A guyed mast is a tall thin vertical structure that receives support from guy lines.
Guyed masts are frequently used for radio masts. The mast can either support aerials (for VHF and UHF) mounted at its top, or the entire structure itself can function as an antenna (for VLF, LF, MF and HF); this is called a mast radiator. In the latter case, the mast needs to be insulated from the ground. They can also be used to support all types of wire aerials (for VLF, LF, MF and HF).
Sailing masts, the masts that support the sails on sailboats, are very typically guyed masts.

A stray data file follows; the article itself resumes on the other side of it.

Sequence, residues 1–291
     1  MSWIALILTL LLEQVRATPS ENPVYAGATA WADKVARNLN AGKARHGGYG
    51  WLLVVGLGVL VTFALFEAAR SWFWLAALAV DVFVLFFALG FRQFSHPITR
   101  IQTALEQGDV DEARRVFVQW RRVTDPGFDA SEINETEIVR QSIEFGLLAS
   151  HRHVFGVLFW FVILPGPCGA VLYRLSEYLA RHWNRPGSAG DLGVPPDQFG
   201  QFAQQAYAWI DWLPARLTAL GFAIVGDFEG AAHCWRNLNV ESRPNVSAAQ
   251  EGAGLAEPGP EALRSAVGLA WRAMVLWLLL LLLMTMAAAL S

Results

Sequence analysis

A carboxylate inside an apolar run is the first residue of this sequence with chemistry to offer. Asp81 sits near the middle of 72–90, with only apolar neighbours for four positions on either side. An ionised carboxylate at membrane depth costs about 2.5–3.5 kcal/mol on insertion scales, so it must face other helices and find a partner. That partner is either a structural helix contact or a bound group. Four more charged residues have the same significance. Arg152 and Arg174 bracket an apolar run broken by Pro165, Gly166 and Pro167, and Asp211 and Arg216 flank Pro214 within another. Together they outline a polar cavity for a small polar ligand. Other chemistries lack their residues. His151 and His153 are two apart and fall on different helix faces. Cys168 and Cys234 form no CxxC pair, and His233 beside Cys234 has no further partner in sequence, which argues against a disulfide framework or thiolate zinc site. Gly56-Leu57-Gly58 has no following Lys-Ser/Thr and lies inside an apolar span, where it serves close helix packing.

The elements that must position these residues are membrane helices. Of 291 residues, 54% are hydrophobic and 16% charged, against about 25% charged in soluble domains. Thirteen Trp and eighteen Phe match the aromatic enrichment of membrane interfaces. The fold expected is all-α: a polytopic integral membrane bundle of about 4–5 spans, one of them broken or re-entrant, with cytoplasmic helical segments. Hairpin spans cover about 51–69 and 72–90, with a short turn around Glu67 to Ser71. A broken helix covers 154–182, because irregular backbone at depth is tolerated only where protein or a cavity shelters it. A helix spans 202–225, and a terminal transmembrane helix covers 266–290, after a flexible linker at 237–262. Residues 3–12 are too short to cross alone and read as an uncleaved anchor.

Guyed masts can also be used as the tops of free standing towers. A famous tower of this type is the Gerbrandy Tower.
Guyed masts are sometimes also used for meteorological measurements at certain heights above ground level. Sometimes they are used as pylons, although their usage in agricultural areas is problematic because anchor foundations handicaps ploughing. A very special use is the BREN Tower.
Famous quotes containing the word mast:
“Alas for America as I must so often say, the ungirt, the diffuse, the profuse, procumbent, one wide ground juniper, out of which no cedar, no oak will rear up a mast to the clouds! It all runs to leaves, to suckers, to tendrils, to miscellany. The air is loaded with poppy, with imbecility, with dispersion, & sloth.”
—Ralph Waldo Emerson (18031882)